The Loneliest Number

Wow, when you don’t blog for five days, reader numbers plummet! Sorry about that, folks. I’ve been submerged in writing the Tower novel, which has taken a lot of energy away from this blog. As of right now, the word count stands at 83,700 words; I know that this isn’t very interesting for some of you, but it’s an important motivator for me. When people still used typewriters, they could mark their progress through the increasing size of the stack of papers next to them, but in the absence of that paper pile, progress instead is marked by the mounting word count.

Anyway, another reason I haven’t blogged is that Janet, Anya, and Janet’s parents left on Friday morning to visit family in Hong Kong. I didn’t really spend as much time with them as I should have before they left because of the novel-writing (I was feeling a bit reclusive as well), and after they took off on their flight, I was filled with profound sadness and loneliness. I couldn’t go back home all day because I didn’t want to face the empty apartment, so I took the train from the airport all the way to Orchard Road, and spent the afternoon wandering around. I picked up a few books at Kinokuniya (The Thorn and the Blossom by Theodora GossThe Hall of the Singing Caryatids by Victor Pelevin, and No Enemies, No Hatred: Selected Essays and Poems by Liu Xiaobo), then saw a matinee of The Girl With the Dragon Tattoo (I’d seen it once already with my buddy Steven, but wanted to catch it one more time in the theatre; it was even better the second time).

Yesterday, things were even worse, and I didn’t even leave the apartment except to get food. I honestly tried to be productive, but every time I sat down at the laptop I just felt depressed. So I did nothing but watch TV and movies all day, and felt like a complete waste afterward.

This morning, I tried to get some work done at home, but again was too distracted by the absence of my ladies. When they were still here, I felt like I needed solitude to get writing done, but paradoxically, once I had that solitude, I couldn’t work. Turns out I’m not the only one; my pals Matthew Berryman and Paolo Bacigalupi have had similar experiences (the thread starts at the bottom of the image):

So finally, in the afternoon, I threw on some clothes and made myself leave the flat and take the bus down to the nearest café at the Singapore Post Centre. It was extremely crowded, but I managed to find a seat, order a coffee, and get to work. Two and a half hours and 1500 words later, and I was done for the day, and feeling much better about myself. The lonely blues are still there, but getting some writing done today really helped to ameliorate them. Here’s hoping I can stay productive until Janet and Anya get back on Thursday night.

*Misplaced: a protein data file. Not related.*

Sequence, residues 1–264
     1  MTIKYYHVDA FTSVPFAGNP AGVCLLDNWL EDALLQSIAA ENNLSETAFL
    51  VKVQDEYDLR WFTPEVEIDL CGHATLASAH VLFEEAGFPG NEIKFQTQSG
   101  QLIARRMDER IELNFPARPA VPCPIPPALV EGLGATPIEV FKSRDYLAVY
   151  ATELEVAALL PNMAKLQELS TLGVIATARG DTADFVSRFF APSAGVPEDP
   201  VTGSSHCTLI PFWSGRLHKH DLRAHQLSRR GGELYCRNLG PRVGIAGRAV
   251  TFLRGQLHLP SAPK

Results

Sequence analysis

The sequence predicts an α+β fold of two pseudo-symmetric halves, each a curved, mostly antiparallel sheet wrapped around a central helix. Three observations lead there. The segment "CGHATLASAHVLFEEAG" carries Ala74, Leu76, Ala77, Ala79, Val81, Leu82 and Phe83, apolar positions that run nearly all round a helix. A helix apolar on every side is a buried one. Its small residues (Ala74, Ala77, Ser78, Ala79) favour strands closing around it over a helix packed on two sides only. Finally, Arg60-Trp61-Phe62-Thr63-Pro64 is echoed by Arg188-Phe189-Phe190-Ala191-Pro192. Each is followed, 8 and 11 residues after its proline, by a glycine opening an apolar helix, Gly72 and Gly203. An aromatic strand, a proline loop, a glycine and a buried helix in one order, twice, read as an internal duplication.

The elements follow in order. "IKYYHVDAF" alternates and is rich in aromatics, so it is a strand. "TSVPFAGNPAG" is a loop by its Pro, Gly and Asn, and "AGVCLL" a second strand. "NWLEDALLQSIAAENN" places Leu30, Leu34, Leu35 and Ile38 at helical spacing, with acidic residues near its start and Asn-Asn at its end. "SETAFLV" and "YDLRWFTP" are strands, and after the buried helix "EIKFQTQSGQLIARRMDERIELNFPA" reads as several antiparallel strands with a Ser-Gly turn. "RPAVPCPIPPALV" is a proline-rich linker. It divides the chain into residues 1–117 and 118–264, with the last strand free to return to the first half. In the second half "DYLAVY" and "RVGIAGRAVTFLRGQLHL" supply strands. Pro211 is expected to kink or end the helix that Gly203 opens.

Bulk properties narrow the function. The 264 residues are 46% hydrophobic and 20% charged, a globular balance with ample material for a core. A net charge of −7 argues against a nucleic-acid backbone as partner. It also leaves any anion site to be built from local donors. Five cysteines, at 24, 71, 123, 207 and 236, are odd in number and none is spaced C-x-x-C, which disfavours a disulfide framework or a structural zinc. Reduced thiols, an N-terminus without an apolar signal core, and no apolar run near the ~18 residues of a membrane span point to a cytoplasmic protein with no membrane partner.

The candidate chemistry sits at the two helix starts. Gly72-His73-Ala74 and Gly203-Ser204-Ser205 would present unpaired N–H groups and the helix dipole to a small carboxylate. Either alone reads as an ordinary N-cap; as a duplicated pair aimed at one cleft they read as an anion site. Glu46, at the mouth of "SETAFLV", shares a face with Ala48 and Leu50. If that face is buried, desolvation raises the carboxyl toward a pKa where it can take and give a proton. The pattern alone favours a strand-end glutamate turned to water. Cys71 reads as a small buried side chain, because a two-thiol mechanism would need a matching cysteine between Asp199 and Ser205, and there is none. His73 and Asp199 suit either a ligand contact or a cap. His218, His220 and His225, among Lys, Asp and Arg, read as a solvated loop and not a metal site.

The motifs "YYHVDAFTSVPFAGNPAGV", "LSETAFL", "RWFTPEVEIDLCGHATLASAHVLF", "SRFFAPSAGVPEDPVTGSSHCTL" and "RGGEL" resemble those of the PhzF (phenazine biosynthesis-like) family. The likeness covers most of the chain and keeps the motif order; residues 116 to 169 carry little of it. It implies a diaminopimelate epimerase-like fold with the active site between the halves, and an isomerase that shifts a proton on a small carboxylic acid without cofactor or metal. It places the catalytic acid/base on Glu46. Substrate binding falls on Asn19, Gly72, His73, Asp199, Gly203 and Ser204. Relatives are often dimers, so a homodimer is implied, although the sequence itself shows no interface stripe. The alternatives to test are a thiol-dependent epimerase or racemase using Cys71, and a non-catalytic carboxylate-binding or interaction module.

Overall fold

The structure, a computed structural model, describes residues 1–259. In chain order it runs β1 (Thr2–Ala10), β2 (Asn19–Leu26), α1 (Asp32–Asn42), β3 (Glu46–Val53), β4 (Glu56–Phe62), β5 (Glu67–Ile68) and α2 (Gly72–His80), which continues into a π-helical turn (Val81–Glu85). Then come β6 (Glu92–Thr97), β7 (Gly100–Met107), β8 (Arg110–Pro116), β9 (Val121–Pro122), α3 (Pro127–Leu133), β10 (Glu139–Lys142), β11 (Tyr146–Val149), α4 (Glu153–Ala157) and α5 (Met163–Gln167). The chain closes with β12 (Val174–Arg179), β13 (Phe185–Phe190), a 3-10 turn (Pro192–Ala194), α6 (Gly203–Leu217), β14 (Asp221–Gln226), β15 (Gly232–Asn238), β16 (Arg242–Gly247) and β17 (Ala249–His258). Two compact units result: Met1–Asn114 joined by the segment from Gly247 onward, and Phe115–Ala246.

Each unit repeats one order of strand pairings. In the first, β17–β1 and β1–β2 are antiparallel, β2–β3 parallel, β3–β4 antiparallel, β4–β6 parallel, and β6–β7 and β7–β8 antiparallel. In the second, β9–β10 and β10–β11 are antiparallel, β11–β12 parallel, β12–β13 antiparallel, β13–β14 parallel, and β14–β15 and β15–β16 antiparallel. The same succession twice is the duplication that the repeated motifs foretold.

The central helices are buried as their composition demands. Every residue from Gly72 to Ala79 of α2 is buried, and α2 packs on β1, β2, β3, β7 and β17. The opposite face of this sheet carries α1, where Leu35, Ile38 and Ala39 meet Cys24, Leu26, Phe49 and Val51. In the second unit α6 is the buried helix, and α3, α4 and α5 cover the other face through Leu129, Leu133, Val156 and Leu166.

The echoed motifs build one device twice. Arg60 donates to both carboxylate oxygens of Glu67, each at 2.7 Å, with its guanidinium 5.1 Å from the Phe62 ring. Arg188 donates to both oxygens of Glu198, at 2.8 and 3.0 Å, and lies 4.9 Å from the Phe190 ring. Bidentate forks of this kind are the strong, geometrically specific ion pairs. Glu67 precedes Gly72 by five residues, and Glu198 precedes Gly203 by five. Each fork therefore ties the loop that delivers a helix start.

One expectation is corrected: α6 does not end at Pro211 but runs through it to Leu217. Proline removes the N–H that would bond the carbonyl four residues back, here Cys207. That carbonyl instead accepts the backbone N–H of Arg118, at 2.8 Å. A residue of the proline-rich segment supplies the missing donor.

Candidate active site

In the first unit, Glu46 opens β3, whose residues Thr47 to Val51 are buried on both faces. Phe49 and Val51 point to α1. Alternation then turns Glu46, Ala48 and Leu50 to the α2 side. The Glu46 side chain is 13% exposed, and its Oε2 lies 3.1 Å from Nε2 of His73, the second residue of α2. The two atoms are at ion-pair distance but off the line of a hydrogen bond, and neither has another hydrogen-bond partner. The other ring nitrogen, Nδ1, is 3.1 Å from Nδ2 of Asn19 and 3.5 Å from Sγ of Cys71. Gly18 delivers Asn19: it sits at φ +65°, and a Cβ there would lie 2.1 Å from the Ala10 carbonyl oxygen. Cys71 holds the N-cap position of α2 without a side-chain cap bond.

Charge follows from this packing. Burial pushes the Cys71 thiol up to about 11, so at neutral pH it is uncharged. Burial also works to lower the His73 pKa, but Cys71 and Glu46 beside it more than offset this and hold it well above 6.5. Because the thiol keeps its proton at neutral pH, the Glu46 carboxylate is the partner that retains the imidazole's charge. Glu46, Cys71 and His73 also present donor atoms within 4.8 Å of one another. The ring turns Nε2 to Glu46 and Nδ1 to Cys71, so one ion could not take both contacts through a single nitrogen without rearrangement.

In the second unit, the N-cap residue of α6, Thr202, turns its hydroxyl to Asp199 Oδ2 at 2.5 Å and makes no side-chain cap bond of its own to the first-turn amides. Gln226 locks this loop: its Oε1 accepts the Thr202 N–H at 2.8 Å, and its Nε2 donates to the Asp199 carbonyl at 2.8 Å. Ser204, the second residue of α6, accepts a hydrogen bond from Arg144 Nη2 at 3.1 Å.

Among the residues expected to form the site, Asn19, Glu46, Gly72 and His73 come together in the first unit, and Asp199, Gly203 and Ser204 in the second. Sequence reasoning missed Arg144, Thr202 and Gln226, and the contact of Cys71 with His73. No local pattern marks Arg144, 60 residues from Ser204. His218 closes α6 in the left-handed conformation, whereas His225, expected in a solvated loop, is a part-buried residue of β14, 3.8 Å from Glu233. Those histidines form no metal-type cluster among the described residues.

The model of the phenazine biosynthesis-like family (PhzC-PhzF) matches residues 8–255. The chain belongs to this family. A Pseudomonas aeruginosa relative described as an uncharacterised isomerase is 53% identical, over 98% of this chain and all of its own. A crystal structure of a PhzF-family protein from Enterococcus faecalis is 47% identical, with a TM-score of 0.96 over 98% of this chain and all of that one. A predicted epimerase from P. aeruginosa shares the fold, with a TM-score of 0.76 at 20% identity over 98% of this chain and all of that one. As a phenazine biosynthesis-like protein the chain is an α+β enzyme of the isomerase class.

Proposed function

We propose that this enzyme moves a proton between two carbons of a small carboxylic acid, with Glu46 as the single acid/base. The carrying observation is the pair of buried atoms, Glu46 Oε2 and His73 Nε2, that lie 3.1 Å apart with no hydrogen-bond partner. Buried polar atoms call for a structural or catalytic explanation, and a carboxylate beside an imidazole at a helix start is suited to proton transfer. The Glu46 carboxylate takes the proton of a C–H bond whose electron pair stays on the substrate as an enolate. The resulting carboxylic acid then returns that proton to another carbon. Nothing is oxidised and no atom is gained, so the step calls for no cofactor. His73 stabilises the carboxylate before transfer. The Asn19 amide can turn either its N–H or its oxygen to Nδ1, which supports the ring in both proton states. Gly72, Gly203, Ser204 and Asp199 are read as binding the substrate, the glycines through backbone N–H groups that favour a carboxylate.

(In terms of blog productivity, I think I need to be a bit more realistic about my goals; instead of trying to blog every day, I’ll pare things back to two or three times a week. That way, if I’m able to do more than that, bonus! Oh, and I’m still working on that Amazon entry; it’s coming up next.)

To top off this post, here’s Aimee Man singing “One (Is the Loneliest Number)”* (my favorite rendition of this song):

* This song was on the soundtrack for the film Magnolia, and was the best thing to come out of that movie, which was a pretentious waste time and made me loathe Tom Cruise more than I already did.

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2 Comments

Filed under Parenthood, Writing

2 responses to “The Loneliest Number

  1. If it makes you feel any better, you’ve made me realize how lucky I am. When my family leaves for any length of time, I almost feel guilty about treasuring the quiet, the lack of demands, the ability to put one task aside half-finished and come back to everything just where I left it. But I’m always thrilled to see them when They get back.

    • Yep, same here. I feel like I shouldn’t treasure the time to myself because I should be helping with Anya. But then afterward, I try to take her for as long as I can so Janet can also get some work done. Hopefully it helps toward balancing things out.

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